President Urges Publishing Pictures Of Missing Children; Calls For Support On MX Missile
WASHINGTON (AP) _ President Reagan asked a group of newspaper editors and publishers Thursday to undertake a ″mission of mercy″ by publishing pictures of the nation’s missing children.
″Even if it only finds one missing child, it’s worth it,″ Reagan told about 150 members of the National Newspaper Association.
The president also asked editorial support from the group for his drive to fund 21 new MX missiles, arguing that the weapon is ″one of the most important items on the national agenda.″
On the subject of missing children, Reagan said that more than a million disappear each year, causing anquish to all who know them.
″Parents cry out for help, many through letters to me,″ Reagan told the group. ″But a president can only do so much.″
Reagan said he had learned about the case of Jonelle Matthews, of Greeley, Colo., ″who would have celebrated a happy 13th birthday with her family just last month. But five days before Christmas, Jonelle disappeared from her home.″
Massive searches have been conducted in the area of the north-central Colorado city, but so far investigators have turned up no trace of the missing teen-ager.
The president said such cases touch him deeply and he has tried his best to help.
After noting that his administration has helped open a national center for missing children that runs a toll-free hotline, Reagan asked the editors to help police glean information by publishing regular stories, pictures and discriptions of such children.
Reagan apologized for ″sticking my nose into your business,″ but asked them ″to enlist your newspapers in this mission of mercy.″
On the MX, Reagan told the group that ″the world is watching″ the vote.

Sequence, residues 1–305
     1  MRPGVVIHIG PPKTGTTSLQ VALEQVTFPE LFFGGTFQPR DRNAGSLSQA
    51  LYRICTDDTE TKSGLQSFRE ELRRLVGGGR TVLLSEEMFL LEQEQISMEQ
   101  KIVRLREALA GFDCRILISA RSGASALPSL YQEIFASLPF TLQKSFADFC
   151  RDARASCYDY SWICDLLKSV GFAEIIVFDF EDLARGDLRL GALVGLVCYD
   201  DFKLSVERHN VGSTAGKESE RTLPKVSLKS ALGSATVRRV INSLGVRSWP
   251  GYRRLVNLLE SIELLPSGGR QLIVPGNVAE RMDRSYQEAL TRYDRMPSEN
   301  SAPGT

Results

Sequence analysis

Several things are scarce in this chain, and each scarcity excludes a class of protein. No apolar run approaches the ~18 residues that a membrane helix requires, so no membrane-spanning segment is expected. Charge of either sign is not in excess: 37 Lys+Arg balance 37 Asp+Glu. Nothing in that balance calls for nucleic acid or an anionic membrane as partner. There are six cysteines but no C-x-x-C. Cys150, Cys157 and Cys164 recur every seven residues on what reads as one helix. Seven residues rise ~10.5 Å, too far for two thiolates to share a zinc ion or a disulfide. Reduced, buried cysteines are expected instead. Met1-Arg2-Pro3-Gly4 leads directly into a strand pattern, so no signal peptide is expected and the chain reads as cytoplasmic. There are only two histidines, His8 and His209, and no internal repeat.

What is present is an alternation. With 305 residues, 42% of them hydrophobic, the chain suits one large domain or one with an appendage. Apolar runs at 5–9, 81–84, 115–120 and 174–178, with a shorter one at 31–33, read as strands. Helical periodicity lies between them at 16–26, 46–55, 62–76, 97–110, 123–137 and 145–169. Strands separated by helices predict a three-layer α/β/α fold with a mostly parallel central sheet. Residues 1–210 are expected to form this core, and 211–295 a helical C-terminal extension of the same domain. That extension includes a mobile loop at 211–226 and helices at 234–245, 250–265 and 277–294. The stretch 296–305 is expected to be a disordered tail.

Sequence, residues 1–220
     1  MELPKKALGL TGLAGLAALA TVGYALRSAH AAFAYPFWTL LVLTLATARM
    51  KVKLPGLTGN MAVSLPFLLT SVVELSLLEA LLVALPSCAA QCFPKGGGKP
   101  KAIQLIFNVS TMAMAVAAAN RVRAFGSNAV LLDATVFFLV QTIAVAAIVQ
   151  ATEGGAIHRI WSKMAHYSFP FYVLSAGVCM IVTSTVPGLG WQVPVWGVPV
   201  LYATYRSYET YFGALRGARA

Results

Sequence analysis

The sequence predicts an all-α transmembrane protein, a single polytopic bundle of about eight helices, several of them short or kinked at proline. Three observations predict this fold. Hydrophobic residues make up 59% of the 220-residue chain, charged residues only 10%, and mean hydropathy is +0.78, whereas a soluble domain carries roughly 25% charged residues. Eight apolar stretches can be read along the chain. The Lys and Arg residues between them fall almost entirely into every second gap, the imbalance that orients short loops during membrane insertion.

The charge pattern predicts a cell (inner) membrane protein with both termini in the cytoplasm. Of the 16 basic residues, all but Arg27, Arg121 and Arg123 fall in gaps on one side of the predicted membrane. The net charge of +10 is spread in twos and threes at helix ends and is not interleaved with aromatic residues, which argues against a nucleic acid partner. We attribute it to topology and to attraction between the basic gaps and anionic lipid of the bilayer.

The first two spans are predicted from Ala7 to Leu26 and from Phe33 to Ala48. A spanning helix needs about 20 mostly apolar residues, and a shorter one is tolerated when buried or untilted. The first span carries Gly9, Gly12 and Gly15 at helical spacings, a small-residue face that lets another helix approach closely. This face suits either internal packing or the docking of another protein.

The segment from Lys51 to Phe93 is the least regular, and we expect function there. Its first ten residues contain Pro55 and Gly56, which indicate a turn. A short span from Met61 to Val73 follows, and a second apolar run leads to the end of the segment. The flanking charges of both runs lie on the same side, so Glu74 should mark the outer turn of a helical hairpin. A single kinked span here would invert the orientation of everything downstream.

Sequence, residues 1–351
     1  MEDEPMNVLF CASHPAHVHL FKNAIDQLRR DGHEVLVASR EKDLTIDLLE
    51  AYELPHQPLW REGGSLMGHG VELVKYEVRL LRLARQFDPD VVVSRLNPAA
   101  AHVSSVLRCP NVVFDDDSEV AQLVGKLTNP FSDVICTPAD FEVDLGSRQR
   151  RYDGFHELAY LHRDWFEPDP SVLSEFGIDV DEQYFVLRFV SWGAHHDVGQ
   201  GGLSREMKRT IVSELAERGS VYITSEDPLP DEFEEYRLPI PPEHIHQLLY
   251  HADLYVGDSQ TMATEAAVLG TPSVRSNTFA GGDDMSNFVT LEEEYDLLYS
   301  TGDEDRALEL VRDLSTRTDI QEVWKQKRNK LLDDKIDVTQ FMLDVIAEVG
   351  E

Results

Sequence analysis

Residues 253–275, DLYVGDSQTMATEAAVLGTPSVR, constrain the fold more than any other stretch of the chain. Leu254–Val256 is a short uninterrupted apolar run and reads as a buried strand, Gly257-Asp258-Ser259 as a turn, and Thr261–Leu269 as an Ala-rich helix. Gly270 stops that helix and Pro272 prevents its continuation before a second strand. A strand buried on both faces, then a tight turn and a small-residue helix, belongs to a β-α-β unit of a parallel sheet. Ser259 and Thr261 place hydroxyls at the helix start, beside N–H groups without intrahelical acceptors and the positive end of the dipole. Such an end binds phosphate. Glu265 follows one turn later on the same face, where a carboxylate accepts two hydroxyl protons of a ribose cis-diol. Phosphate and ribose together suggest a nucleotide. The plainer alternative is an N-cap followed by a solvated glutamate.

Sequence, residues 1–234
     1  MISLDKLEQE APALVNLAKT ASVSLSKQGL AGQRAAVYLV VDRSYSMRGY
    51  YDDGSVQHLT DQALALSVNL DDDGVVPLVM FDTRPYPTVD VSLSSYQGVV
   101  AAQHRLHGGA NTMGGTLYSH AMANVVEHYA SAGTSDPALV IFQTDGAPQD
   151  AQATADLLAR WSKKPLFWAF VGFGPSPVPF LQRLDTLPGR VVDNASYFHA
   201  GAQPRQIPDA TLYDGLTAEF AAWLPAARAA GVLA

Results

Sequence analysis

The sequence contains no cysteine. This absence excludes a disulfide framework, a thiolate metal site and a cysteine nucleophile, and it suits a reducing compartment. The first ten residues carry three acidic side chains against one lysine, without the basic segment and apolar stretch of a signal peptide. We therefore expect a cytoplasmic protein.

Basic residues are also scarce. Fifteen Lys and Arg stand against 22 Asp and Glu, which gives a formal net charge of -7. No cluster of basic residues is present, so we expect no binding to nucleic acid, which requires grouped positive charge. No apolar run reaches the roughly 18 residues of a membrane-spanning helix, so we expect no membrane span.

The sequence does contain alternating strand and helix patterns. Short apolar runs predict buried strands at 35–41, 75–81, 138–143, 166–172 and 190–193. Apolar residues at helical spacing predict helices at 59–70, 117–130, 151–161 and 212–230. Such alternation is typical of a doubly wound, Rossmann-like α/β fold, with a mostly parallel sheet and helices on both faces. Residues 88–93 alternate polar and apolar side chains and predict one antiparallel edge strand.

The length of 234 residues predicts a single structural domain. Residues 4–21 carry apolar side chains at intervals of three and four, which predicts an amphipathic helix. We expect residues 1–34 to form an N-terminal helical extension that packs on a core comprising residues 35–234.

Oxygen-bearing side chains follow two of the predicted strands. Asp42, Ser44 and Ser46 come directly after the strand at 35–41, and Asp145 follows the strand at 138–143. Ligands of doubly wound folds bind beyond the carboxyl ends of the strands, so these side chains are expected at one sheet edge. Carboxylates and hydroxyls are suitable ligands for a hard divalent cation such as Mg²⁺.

A vote against the MX would be interpreted as ″a sign of weakness″ by the Soviets, something they might try to exploit in the Geneva arms reduction talks that start next week, the president said.
″I can’t tell you that passing the MX would guarantee a good arms reduction treaty with the Soviet Union, but I can guarantee ... that not passing it will make that kind of a treaty much more difficult, if not impossible,″ Reagn said.
Congress is scheduled to vote later this month on releasing $1.5 billion for the missiles. The first group of long-range missiles was approved last year, but the administration faces four votes in the House and Senate after the arms talks in Geneva begin.
The president has engaged in a daily lobbying effort this week for the long-range, 10-warhead weapon, holding daily private meetings with House and Senate members whose votes are deemed crucial for approval.
White House spokesman Larry Speakes said Thursday that the White House believes that it’s lobbying effort has had a positive effect, but he added that the administration continues to believe that the vote will be close.
The newspaper association, which is comprised of about 5,000 community weekly and daily newspapers, is celebrating its 100th anniversary.